The Natural History of Wiltshire eBook

John Aubrey
This eBook from the Gutenberg Project consists of approximately 257 pages of information about The Natural History of Wiltshire.


        Eminentcloathiers of this county.

[In this chapter there is a long “Digression of Cloathiers of other Counties,” full of curious matter, which is here necessarily omitted. - J. B.]

.. .  Sutton of Salisbury, was an eminent cloathier:  what is become of his family I know not.

[John] Hall, I doe believe, was a merchant of the staple, at Salisbury, where he had many houses.  His dwelling house, now a taverne (1669), was on the Ditch, where in the glasse windowes are many scutchions of his armes yet remaining, and severall merchant markes.  Quaere, if there are not also wooll-sacks in the pannells of glass? [Of this house and family the reader will find many interesting particulars in a volume by my friend the Rev. Edward Duke, of Lake House, near Amesbury.  Its title will explain the work, viz.  “Prolusiones Historicæ; or, Essays Illustrative of the Halle of John Halle, citizen and merchant of Salisbury in the reigns of Henry vi. and Edward iv.; with Notes illustrative and explanatory.  By the Rev. Edward Duke, M.A., F.S.A., and L.S. in two vols. 8vo. 1837.” (Only one volume has been published.) — J. B.]

The ancestor of Sir William Webb of Odstock, near Salisbury, was a merchant of the staple in Salisbury.  As Grevill and Wenman bought all the Coteswold wooll, so did Hall and Webb the wooll of Salisbury plaines; but these families are Roman Catholiques.

The ancestor of Mr. Long, of Rood Ashton, was a very great cloathier.  He built great part of that handsome church, as appeares by the inscription there, between 1480 and 1500.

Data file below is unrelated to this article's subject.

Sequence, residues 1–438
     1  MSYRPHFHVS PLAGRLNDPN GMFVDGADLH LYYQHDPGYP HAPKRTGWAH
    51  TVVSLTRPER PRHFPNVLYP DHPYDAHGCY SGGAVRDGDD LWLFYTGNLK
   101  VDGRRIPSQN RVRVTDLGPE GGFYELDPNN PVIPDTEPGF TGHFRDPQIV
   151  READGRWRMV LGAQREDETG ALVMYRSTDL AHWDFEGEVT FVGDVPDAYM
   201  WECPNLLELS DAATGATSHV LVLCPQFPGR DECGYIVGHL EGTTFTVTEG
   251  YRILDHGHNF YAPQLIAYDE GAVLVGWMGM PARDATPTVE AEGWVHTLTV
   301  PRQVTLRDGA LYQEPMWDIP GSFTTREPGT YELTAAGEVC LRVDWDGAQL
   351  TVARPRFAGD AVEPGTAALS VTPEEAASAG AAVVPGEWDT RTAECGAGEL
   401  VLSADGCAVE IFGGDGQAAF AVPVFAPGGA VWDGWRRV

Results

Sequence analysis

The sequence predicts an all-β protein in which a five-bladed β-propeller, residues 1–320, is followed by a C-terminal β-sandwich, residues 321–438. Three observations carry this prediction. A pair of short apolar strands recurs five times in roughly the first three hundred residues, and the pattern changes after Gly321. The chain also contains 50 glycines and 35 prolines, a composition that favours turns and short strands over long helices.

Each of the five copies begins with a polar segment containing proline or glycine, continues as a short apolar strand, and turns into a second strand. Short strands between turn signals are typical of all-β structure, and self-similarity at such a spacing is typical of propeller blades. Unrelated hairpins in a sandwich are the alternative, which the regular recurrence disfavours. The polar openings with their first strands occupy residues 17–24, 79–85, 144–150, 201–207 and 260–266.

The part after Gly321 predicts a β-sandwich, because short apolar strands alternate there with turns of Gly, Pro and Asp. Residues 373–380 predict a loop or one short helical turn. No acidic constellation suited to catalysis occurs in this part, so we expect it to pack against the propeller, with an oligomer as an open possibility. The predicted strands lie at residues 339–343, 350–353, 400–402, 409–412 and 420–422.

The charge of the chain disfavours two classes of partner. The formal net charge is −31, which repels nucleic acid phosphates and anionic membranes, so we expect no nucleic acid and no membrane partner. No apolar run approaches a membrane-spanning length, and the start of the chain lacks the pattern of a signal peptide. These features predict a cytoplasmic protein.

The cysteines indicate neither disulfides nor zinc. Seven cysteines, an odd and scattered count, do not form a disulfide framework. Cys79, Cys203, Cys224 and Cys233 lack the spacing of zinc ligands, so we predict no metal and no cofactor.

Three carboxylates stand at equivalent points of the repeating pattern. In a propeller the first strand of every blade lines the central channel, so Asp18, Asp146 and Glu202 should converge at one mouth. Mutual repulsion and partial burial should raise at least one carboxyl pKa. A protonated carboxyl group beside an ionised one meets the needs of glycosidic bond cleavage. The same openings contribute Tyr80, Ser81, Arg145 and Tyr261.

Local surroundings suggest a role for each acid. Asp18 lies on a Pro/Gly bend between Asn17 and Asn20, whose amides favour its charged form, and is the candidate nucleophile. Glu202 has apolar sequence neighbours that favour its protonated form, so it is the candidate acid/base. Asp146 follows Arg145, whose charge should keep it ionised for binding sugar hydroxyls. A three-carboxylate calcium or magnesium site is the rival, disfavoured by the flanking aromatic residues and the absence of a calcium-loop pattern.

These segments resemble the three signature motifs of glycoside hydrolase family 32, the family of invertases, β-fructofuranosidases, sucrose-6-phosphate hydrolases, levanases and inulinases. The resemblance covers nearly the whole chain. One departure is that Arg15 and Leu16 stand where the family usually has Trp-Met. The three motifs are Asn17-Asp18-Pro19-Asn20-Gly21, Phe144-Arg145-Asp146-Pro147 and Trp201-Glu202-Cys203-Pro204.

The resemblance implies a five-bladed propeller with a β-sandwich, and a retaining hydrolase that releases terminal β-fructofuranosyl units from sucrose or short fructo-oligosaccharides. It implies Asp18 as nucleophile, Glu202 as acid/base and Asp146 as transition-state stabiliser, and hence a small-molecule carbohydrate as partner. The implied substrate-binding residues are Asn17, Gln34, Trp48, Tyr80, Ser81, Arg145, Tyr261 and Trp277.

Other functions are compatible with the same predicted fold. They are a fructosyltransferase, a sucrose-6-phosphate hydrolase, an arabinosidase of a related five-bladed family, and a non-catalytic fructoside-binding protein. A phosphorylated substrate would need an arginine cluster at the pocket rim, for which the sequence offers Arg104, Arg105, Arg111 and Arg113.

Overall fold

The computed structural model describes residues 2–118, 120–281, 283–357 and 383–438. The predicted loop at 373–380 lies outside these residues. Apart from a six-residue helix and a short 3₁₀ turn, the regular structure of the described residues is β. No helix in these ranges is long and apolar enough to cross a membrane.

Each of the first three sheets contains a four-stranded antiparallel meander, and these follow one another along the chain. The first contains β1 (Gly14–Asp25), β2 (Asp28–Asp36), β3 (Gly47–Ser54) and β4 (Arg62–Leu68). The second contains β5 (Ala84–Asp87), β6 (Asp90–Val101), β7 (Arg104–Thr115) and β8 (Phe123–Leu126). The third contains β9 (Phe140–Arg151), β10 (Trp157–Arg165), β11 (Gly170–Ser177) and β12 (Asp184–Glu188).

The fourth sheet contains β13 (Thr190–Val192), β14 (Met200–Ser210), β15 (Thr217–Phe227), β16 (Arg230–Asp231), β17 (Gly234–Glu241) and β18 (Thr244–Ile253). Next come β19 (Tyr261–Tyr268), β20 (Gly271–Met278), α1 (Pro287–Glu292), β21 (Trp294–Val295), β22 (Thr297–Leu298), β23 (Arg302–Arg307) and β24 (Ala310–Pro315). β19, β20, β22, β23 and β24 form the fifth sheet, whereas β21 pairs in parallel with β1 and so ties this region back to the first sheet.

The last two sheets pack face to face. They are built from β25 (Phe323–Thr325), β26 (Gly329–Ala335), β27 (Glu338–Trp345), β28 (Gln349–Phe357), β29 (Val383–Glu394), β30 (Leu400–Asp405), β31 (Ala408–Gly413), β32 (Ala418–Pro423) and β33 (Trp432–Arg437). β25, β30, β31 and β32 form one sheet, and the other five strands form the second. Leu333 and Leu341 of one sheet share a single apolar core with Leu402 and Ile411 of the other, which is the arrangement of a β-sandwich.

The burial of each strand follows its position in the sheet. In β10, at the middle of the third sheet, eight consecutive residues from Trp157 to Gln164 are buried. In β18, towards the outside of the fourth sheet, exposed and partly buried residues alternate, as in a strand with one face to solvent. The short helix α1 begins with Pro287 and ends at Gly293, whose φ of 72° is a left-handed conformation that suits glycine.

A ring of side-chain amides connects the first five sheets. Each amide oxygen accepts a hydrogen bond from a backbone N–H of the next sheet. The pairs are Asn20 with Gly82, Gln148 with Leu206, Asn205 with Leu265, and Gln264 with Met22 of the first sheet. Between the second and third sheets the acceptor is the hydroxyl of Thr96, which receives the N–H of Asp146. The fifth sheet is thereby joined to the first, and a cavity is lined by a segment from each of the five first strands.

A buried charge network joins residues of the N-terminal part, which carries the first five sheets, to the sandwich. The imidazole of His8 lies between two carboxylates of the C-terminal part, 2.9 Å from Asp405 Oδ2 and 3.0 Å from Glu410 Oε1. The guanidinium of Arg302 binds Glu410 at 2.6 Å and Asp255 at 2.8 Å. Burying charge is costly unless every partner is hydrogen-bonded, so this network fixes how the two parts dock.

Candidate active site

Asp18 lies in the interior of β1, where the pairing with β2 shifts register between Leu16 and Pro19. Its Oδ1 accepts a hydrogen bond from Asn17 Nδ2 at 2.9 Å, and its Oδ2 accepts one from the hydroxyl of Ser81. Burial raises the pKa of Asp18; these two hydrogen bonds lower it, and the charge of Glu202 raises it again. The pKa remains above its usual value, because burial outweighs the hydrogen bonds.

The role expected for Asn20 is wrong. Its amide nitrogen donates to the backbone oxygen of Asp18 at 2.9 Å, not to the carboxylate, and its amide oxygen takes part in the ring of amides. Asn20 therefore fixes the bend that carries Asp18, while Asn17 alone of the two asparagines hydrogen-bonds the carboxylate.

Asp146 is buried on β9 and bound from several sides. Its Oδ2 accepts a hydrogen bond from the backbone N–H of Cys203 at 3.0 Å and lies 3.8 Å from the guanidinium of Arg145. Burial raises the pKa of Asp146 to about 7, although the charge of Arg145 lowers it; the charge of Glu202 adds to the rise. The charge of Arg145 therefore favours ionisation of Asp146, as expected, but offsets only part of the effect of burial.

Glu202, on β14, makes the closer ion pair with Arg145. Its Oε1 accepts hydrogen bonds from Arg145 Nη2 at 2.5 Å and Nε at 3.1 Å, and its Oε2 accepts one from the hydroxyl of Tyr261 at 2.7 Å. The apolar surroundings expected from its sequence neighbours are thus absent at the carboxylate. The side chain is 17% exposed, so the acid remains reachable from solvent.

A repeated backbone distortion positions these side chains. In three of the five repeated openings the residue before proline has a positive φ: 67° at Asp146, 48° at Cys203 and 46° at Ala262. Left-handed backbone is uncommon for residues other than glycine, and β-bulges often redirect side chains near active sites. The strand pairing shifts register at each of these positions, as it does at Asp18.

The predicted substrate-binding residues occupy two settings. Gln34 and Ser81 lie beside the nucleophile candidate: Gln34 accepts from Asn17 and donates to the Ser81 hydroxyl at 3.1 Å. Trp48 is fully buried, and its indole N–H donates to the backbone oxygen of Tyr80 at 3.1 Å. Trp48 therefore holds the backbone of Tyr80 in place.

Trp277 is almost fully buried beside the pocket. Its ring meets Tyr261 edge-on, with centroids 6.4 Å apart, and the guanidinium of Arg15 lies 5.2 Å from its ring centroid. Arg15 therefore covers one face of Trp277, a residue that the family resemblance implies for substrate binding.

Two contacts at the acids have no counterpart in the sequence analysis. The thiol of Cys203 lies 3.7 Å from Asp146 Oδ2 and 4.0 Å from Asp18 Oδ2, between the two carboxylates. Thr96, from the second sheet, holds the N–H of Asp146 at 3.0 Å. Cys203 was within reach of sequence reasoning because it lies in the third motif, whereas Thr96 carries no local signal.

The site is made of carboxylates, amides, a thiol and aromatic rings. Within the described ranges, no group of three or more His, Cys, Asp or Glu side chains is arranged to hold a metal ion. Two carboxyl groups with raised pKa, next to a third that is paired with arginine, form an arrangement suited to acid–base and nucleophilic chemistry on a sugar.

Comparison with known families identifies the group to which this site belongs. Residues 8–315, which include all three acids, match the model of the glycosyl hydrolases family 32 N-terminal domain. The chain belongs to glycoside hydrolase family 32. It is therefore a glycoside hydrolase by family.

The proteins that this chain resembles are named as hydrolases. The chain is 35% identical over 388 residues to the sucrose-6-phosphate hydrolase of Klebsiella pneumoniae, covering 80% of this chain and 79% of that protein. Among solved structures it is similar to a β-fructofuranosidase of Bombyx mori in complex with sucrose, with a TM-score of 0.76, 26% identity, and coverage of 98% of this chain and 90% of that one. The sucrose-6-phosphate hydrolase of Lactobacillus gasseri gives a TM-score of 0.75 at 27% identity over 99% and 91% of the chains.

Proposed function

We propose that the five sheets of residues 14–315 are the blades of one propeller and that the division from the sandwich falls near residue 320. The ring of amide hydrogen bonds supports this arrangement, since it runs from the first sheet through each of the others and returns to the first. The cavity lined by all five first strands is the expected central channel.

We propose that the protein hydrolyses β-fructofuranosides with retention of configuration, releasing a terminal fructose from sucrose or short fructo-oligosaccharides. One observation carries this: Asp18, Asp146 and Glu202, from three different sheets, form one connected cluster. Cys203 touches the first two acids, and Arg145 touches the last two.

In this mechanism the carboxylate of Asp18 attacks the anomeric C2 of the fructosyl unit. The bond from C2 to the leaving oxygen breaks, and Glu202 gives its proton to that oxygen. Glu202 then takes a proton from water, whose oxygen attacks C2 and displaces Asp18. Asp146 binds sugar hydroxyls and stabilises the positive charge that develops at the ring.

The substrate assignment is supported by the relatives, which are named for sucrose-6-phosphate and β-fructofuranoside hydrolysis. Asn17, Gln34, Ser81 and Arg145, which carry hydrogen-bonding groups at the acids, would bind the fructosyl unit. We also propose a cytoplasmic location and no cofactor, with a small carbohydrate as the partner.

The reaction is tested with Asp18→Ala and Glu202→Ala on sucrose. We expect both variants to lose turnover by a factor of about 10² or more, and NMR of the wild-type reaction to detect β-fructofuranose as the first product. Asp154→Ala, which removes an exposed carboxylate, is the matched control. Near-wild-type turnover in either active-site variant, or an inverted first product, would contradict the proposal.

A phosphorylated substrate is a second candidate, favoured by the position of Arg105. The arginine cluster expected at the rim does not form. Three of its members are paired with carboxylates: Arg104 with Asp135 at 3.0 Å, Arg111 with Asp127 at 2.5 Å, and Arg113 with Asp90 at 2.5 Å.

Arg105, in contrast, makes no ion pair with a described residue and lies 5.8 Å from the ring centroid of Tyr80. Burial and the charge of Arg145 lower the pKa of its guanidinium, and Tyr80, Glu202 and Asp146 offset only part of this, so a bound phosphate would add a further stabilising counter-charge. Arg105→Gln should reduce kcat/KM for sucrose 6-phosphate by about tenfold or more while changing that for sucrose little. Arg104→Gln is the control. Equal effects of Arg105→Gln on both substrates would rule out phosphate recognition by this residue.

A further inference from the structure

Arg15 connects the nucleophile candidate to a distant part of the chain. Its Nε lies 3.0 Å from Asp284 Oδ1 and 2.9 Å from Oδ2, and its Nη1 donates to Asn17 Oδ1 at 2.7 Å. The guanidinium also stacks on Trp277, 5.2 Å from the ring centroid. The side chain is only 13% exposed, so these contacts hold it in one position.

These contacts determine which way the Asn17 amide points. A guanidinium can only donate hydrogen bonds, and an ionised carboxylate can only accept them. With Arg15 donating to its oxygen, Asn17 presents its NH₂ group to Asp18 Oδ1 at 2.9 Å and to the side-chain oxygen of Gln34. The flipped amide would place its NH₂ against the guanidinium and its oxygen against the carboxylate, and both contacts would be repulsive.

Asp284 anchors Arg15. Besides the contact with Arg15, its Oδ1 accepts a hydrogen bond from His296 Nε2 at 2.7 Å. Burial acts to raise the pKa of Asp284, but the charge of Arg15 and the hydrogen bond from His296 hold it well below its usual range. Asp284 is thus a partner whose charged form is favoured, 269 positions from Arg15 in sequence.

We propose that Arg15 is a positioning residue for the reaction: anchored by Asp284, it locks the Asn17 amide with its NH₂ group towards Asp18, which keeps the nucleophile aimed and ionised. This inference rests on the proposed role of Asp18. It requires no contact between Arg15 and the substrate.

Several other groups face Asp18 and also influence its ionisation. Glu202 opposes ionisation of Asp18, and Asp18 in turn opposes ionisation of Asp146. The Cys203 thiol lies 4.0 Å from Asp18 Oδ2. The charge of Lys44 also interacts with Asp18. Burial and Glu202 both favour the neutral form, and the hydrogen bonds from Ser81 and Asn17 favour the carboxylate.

[William] Stump was a wealthy cloathier at Malmesbury, tempore Henrici viii.  His father was the parish clarke of North Nibley, in Gloucestershire, and was a weaver, and at last grew up to be a cloathier.  This cloathier at Malmesbury, at the dissolution of the abbeys, bought a great deale of the abbey lands thereabout.  When King Henry 8th hunted in Bradon Forest, he gave his majesty and the court a great entertainment at his house (the abbey).  The King told him he was afraid he had undone himself; he replied that his own servants should only want their supper for it. [See this anecdote also in Fuller’s Worthies, Wiltshire. — J. B.] Leland sayes that when he was there the dortures and other great roomes were filled with weavers’ loomes. [The following is the passage referred to (Leland’s Itinerary, vol. ii. p. 27.) “The hole logginges of th’ abbay be now longging to one Stumpe, an exceeding rich clothiar, that boute them of the king.  This Stumpe was the chef causer and contributor to have th’ abbay chirch made a paroch chirch.  At this present tyme every corner of the vaste houses of office that belongid to th’ abbay be full of lumbes to weeve cloth yn, and this Stumpe entendith to make a strete or 2 for cloathiers in the back vacant ground of the abbay that is withyn the town waulles.  There be made now every yere in the town a 3,000 clothes.”  See “Memorials of the Family of Stumpe”, by Mr. J. G. Nichols, in “Collectanea Topographica et Genealogica”, vol. vii. — J. B.]

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The Natural History of Wiltshire from Project Gutenberg. Public domain.
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